Longer term, Kranz wants to use the organization to help war-torn countries beyond Ukraine that have supply gaps that could be remedied with 3D printing. “Most of the countries I have in mind, Syria or Congo, also have a shortage of many things,” she says. “The world is not so supportive of those areas, and if we can help them through helping Ukraine it will have a much bigger impact.”
There are some downsides to the group’s 3D-printed items. They’re made with plastics so they may be less durable, and since they’re not mass-produced they may be more expensive than factory items. But in an emergency, those downsides are far outweighed by the upsides. “This is a conditional thing,” Kranz says. “So, yeah, for example, these drones may not fly for 20 years, but they will fly for 40 days. We don’t need to produce something that is forever in this case.”
In many ways, that makes the group’s efforts similar to those of the 3D printing community in the United States and Europe at the start of the coronavirus pandemic two years ago. At that time, items that could help mitigate the pandemic, like nasal swabs and face shields, were in short supply. Numerous 3D printing firms stepped up to help. “We have leveraged a little bit of our experience from the pandemic,” says Ciszek, a Forbes 30 Under 30 Europe alum.
The group put out a call to 3D printing aficionados throughout Europe to create the needed plastic items quickly. Many of these items are simple: protective gear, tourniquets, prosthetics and the like. The makers who join the effort get open-source recipes for the parts needed and then send them to a distribution center in Poland. Since the traditional logistics partners, such as DHL and UPS, can’t get parts to Ukraine, the group has set up its own logistics process, the details of which Ciszek says he cannot disclose due to security.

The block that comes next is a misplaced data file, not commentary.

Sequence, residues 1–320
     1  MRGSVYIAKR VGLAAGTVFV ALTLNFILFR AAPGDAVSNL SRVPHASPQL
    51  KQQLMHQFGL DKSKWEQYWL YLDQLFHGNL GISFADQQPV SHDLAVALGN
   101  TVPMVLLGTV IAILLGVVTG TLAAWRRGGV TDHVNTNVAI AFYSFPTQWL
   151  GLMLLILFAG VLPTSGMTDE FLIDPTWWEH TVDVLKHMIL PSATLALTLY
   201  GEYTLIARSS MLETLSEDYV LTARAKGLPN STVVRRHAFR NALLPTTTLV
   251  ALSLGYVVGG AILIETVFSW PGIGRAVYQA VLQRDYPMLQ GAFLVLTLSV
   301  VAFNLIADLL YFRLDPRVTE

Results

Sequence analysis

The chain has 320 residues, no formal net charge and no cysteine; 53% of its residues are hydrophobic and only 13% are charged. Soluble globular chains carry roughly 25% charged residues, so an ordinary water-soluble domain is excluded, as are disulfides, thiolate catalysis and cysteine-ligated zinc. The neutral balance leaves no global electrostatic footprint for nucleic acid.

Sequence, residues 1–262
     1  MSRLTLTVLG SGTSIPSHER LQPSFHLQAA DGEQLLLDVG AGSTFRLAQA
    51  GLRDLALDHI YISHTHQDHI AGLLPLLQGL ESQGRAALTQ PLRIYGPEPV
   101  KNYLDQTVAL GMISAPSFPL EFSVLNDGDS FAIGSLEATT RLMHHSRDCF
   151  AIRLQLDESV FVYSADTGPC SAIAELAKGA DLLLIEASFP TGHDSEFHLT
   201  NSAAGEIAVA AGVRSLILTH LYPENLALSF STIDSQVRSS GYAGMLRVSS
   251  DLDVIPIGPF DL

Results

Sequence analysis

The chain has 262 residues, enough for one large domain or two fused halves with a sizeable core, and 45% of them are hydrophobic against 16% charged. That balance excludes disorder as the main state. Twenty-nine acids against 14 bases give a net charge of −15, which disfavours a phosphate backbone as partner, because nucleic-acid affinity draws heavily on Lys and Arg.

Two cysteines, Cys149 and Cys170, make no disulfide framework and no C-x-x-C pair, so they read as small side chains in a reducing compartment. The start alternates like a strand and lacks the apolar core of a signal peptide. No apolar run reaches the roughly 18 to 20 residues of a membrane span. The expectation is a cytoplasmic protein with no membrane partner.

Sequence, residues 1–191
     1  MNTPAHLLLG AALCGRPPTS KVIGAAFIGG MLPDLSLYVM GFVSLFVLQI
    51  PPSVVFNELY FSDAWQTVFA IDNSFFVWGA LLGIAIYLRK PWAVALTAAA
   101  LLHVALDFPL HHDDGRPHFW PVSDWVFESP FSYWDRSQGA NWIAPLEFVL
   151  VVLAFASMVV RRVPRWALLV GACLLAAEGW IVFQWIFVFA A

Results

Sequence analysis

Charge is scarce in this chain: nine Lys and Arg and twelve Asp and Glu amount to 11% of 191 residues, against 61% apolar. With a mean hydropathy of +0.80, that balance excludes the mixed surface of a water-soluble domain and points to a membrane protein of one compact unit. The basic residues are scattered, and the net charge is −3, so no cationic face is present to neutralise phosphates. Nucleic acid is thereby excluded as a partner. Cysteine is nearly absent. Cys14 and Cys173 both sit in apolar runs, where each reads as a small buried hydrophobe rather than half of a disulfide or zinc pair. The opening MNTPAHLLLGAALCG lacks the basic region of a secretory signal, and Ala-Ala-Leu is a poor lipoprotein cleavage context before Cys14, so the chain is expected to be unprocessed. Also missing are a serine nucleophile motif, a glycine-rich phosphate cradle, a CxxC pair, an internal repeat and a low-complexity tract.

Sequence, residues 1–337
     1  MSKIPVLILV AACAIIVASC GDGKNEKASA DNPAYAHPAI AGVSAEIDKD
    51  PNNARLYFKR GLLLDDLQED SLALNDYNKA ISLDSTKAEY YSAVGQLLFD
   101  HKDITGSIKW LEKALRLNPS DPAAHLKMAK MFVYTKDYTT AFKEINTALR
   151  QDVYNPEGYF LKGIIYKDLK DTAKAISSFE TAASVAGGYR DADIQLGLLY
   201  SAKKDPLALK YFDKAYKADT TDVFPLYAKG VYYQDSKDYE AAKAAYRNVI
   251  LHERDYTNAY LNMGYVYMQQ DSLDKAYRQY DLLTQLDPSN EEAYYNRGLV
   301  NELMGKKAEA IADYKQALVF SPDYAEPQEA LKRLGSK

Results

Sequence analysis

Ciszek says he is also reaching out to larger 3D printing companies, such as EOS and HP, in an effort to convince them to take part in the effort. “To have impact, we have to scale and mass-produce a lot of parts quickly,” he says.
At the same time, Burgs, whose firm has worked on projects for Poland’s military, began speaking with the Ukrainian Ministry of Defense about what they needed. He says he received classified files this week after passing the required security protocols that he expects to begin producing immediately.
The drones are particularly intriguing. They are observational drones, not offensive weapons. Their bodies can be created easily with the firm’s existing polymer printers, but the cameras and radios need to be attached manually, Burgs says. Production of the drones started last week and is currently going at a rate of about 50 a week.
What else the group might be able to do remains in flux. Burgs says that there are certain military items that the Ukrainian defense forces don’t want to share with the group since it is Polish rather than Ukrainian. “We are a foreign company for them, so they trust us, but not so much,” he says. “They are at war, and the infiltration by Russian spies is a lot so I completely understand that they have some fears about it.”
As the war goes on, one idea he has is to locate a container with 3D printers in eastern Ukraine, closer to where the parts they’re printing are needed than Lviv. “We are thinking we can put the machines into the container with the electricity aggregator and go near to the front lines to create the most-needed parts,” Burgs says, noting that such a strategy has been executed previously, including by the US army in Afghanistan.
As for the bus and the printers in Lviv, the group has ideas for how to use them longer term as well. The bus, which can hold 70 people, was given to the Ukrainian Ministry of Defense to help move people to safety. Meanwhile, once the war ends, the printers could eventually be used for the education of a younger generation of students interested in the technology and to help reconstruct the country.
“The way we think about those machines is that they are not only valuable in the short term to produce the needed parts, but hopefully soon the Ukrainian people will be able to use them to rebuild the country,” Ciszek says.